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Thinking of Pressing Pause? Here’s How 4 Career Breaks Shaped Women’s Trajectories

“Taking a year to be a human ‘being’ instead of a human ‘doing’ was life-changing”

Woman traveling during a career break
Photo courtesy of Guilherme Stecanella

This article is part of InHerSight's Career Trajectories series. Women's career paths vary significantly. Hear from women themselves about the pivotal career decisions that have shaped their growth and success.

This article is part of InHerSight's Partners in Diversity series. Discover companies partnering with InHerSight to better support women in the workplace.

Ever dreamed of taking a year-long sabbatical and traveling the world? What about going back to school to pursue a career you love? Big career-defining decisions like these are daunting because veering from the known path opens us up to risk—the possibility of failure, an uncertain future.

They can also yield tremendous growth and success, as these four women at our partner companies can attest. Each took time off to soul search, skill up, or rest and recover, and each bounced back in spectacular fashion. 

In this installment of our Career Trajectories series, find out why your next career move might not be centered on your career at all—and that’s absolutely okay. 

How 4 career breaks shaped women’s trajectories

Kristin Marschhauser

Director, Ecosystem + Infrastructure at DoorDash

What do you do?

As a director of Ecosystem and Infrastructure for DoorDash's Drive product, my team ensures that merchants have a seamless experience onboarding and growing their business on the Drive platform. Drive is DoorDash's white-label fulfillment delivery service, meaning Dashers deliver orders from a merchant website, app, or third party delivery platforms. We support enterprise merchants and small- and medium-size businesses through our ecosystem of partner relationships. I spend most of my time supporting my team, setting strategy and priorities, and maintaining strong cross-functional relationships within DoorDash and with our external partners.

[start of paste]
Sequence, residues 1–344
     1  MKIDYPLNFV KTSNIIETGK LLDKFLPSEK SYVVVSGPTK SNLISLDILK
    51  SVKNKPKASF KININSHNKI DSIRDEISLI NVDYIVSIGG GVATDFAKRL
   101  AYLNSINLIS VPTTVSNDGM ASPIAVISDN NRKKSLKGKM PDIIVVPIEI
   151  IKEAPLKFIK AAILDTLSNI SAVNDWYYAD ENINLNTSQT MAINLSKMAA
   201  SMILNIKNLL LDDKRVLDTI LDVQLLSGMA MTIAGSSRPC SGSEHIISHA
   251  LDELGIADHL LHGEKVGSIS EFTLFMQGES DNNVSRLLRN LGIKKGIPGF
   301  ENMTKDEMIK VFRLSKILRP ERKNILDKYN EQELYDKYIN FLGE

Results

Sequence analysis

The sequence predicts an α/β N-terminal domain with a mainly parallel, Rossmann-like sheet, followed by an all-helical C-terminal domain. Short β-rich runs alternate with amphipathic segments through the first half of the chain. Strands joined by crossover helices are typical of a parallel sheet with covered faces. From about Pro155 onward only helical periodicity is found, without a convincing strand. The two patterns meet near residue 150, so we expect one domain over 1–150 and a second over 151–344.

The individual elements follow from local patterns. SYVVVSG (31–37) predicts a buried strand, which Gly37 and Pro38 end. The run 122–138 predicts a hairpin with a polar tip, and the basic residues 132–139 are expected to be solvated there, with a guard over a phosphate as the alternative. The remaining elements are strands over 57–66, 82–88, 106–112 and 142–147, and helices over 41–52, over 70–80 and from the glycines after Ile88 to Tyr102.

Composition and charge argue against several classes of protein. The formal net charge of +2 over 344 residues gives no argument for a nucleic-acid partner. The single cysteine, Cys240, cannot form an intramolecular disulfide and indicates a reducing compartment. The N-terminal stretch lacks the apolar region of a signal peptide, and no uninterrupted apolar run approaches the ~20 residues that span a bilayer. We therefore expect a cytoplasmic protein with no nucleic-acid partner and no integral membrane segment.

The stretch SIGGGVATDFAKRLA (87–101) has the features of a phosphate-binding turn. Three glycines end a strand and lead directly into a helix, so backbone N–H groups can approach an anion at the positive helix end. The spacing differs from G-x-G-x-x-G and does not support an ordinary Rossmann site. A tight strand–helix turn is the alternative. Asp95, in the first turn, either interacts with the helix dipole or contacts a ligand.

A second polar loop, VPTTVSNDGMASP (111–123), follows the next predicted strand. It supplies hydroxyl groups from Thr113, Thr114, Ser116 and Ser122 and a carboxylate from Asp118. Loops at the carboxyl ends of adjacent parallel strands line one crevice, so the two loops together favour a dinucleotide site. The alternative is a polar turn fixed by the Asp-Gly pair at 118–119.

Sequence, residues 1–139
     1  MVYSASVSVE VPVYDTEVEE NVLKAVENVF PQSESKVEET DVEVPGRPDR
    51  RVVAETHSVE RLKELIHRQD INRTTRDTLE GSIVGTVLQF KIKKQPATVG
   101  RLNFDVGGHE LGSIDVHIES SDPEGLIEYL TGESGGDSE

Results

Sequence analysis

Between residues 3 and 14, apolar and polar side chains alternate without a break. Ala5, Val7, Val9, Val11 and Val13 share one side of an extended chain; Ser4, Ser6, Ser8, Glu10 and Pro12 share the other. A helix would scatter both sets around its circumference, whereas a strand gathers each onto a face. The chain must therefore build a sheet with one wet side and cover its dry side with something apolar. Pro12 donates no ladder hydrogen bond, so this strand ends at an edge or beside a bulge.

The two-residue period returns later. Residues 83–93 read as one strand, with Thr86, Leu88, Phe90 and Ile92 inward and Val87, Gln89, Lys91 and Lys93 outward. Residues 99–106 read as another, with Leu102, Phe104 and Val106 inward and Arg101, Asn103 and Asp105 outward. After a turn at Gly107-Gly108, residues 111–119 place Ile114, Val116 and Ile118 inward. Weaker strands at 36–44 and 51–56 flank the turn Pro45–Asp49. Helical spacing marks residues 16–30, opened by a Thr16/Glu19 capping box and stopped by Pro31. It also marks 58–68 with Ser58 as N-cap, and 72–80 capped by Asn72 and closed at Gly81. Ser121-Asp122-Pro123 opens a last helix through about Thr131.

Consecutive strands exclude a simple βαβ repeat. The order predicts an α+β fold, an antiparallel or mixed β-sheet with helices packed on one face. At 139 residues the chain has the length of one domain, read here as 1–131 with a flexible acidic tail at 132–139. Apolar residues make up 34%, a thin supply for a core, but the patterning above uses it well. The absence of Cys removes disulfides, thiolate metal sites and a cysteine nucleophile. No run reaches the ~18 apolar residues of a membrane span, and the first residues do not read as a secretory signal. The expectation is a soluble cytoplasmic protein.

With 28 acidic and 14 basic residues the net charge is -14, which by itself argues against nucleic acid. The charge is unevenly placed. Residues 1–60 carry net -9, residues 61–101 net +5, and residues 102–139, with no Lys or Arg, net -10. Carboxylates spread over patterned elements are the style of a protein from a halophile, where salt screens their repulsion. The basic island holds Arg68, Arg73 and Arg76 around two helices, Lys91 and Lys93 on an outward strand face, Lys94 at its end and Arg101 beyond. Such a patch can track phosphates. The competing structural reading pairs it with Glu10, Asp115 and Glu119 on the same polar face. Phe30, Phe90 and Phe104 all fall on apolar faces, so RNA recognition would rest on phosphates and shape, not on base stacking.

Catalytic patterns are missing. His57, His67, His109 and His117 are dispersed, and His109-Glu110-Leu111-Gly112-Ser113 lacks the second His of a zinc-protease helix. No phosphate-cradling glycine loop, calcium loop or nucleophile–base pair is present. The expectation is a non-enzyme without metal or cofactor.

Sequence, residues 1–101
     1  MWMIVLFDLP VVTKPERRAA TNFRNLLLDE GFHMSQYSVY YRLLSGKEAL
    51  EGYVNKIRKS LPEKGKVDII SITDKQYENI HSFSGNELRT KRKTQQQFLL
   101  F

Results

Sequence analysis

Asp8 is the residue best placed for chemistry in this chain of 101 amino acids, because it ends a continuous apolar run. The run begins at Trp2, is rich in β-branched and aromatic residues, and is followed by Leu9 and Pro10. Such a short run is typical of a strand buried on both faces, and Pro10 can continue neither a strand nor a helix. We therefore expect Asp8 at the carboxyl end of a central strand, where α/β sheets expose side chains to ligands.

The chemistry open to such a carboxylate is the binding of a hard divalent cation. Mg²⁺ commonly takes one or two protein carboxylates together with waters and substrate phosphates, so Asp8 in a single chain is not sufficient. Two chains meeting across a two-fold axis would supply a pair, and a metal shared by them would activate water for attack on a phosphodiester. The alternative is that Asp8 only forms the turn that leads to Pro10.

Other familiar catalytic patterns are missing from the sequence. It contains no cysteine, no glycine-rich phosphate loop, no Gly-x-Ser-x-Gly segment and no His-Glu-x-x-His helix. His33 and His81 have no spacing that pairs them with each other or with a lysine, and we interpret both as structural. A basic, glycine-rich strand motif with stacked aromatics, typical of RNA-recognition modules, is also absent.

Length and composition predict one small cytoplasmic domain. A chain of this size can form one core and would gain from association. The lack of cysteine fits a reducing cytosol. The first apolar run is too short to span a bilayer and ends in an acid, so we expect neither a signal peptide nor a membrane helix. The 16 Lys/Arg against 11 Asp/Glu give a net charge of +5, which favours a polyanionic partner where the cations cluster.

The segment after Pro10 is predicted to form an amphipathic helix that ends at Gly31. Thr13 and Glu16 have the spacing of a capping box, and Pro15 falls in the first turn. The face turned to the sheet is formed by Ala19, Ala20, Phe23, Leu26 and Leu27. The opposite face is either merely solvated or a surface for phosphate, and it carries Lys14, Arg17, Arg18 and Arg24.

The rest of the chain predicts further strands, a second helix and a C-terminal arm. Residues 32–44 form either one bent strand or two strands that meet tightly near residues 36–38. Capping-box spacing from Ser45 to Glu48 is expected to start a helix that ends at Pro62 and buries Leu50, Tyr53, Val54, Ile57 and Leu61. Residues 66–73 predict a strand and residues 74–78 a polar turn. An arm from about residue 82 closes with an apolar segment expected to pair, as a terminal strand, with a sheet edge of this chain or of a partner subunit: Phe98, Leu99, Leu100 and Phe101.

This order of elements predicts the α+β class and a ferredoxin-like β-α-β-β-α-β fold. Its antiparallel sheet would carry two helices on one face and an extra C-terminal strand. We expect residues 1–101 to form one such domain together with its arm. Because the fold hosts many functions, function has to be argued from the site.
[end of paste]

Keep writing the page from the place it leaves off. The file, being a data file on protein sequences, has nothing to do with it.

How did you get where you are?

I've never been the person who knew what they wanted to be when they grew up, but as a kid I both loved math and logic and also talked too much. I probably could have been a good trial lawyer, but ended up in technology partnerships instead! One of the best things about being in partnerships is that you develop relationships with loads of people in your industry. Through my network, I've largely taken opportunities as they came up and let my career unfold somewhat organically. 

Some of these opportunities felt pretty risky at the time, like leaving my consulting job at Accenture (one of the biggest consultancies in the world) to be the 60th employee at an ad tech start up, or leaving my lifelong home of NYC for a new role with Facebook in London. But I've found these moves to be some of the most catapulting for my career, and in some cases my personal life.